Aurin Squire

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Aurin Squire is an award-winning American playwright, screenwriter, and reporter.[1] He has written numerous plays,[2] while his reporting has appeared in The New Republic, Talking Points Memo, Chicago Tribune, Miami Herald, and ESPN, among other outlets.[3]

Early Life and Education[edit]

Born and raised in Opa-locka, Florida, Squire graduated from The Juilliard School, New School University, and Northwestern University, where he majored in radio/TV/film and worked as a professional journalist for the Chicago Tribune and the Miami Herald. In his senior year, Shadows in the Light, an epic play about Cuban immigrants in Miami, was produced by the ETA Theatre in Chicago. At Juilliard he was in the school's playwriting fellowship while working for The New Republic and Talking Points Memo as a journalist.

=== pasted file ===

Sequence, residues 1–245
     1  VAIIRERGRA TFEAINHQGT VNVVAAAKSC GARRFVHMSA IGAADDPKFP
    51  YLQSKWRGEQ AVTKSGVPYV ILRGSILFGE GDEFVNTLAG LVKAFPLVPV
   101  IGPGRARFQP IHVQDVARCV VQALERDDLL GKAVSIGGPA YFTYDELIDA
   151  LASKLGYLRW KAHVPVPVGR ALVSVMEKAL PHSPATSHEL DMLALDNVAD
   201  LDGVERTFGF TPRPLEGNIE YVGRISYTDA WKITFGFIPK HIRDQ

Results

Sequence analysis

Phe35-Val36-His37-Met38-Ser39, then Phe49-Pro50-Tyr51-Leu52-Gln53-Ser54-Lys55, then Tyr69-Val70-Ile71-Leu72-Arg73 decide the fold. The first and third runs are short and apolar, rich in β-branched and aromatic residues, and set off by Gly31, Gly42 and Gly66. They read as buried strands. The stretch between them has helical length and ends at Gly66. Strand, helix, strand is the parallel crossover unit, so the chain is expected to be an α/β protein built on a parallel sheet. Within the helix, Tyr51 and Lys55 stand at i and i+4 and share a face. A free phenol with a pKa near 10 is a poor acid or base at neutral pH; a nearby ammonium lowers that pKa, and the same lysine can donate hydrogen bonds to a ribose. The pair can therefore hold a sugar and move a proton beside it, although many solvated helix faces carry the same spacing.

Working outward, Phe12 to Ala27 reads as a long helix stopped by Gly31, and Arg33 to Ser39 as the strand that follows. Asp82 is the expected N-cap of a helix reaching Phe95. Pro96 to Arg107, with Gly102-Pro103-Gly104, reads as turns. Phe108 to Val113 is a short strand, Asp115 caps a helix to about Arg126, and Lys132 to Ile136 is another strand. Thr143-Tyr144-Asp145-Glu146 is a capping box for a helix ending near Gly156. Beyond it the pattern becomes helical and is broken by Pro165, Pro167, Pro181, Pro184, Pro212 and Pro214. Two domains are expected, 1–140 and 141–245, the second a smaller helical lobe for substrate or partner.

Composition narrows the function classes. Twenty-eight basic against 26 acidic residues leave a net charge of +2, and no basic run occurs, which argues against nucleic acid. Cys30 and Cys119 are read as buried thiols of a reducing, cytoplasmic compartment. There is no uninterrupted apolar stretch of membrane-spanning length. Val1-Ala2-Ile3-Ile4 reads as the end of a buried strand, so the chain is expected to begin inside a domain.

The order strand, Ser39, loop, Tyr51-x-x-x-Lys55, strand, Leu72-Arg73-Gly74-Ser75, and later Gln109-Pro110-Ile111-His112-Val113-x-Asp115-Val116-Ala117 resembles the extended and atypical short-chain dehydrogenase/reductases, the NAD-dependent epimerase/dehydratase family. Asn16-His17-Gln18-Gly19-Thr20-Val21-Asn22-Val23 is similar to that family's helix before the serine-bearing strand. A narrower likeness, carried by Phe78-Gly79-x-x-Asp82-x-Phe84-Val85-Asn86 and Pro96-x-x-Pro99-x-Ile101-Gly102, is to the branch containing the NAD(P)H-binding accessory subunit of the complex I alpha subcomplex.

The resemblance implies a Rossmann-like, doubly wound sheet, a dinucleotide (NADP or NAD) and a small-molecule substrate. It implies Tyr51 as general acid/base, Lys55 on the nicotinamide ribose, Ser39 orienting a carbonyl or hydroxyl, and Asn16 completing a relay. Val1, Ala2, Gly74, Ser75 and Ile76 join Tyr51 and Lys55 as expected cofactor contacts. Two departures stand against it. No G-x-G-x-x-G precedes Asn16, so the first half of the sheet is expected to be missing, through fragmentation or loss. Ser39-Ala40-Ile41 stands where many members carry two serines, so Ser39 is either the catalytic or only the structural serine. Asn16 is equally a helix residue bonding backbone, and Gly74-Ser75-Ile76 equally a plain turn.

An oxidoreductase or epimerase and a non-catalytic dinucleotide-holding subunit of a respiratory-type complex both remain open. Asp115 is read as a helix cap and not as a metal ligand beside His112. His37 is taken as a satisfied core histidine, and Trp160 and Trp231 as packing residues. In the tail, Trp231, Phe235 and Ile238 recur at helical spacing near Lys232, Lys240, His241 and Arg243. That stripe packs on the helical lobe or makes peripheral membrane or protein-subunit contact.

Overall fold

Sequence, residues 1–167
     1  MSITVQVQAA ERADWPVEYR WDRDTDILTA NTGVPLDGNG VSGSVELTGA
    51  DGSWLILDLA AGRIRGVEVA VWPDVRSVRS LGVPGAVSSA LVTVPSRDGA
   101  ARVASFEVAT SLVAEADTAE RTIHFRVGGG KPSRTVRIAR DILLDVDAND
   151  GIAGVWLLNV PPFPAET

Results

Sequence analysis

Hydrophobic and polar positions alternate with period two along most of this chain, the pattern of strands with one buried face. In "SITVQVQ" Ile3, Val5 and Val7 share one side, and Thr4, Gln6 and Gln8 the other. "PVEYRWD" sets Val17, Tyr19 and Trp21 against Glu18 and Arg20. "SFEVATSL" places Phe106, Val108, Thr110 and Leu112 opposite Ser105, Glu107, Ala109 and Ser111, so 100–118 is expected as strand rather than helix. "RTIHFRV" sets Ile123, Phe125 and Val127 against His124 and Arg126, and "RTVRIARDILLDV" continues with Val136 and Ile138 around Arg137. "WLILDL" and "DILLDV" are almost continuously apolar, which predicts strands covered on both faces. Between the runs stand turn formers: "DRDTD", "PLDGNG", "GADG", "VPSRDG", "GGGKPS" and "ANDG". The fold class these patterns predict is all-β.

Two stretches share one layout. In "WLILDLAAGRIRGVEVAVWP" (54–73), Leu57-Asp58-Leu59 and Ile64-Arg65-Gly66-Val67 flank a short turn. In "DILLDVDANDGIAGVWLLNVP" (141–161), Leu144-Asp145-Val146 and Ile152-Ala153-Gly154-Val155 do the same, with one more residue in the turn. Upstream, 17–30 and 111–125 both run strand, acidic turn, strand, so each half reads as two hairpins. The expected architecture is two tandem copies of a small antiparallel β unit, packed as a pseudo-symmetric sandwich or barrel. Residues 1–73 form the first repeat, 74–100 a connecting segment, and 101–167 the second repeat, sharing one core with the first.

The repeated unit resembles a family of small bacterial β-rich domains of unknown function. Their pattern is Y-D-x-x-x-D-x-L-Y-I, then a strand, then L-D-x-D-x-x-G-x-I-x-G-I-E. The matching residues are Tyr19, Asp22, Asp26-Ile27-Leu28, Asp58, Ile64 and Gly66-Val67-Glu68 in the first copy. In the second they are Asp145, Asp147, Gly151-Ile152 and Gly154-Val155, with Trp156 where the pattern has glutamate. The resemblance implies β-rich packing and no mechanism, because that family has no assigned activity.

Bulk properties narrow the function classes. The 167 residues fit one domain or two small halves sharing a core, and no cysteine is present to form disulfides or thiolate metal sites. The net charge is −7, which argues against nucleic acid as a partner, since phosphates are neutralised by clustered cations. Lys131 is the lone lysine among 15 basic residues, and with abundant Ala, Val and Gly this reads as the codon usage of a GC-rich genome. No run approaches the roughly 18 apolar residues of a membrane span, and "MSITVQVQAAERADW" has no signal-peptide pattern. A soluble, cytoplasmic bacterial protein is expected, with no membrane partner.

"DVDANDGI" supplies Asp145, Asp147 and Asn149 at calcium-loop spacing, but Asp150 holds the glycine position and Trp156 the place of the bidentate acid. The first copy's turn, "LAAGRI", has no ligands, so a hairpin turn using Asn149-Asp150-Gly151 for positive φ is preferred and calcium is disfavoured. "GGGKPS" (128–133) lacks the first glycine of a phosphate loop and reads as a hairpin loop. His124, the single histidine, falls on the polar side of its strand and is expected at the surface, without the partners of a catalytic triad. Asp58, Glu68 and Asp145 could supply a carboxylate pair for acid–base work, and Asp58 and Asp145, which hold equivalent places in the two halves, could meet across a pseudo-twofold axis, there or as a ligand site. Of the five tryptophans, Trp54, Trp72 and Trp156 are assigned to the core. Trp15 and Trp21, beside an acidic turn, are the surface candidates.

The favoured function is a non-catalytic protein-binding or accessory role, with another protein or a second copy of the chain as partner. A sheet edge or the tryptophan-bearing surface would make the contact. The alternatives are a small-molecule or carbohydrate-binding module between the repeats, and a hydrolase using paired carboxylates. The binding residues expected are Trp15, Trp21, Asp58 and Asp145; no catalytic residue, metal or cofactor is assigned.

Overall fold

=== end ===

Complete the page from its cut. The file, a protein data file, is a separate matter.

Playwriting[edit]

Many of Squire's plays revolve around multiracial societies in transition or America's changing cultural make-up. His work reflects the Latino, African, Caribbean, African-American, and Jewish cultures he grew up around in South Florida.

Squire was a part of the Lincoln Center Lab and his comedy "The Great Black Sambo Machine" was presented there and at Ars Nova the following year.

In 2007, Squire spent a year in Albuquerque, New Mexico, working with artists Leigh Fondakowski and Krista DeNio on a docudrama about Converso and Crypto-Jewish families who fled the Spanish Inquisition and settled in Arizona and New Mexico. Squire was commissioned to interview surviving Crypto- and Converso-Jewish residents, research, and collaborate to create what became A Light In My Soul/Una Luz En Mi Alma. The epic docudrama was performed by Working Classroom Theatre the following year at the National Hispanic Cultural Center in Albuquerque, and received additional performances around New Mexico.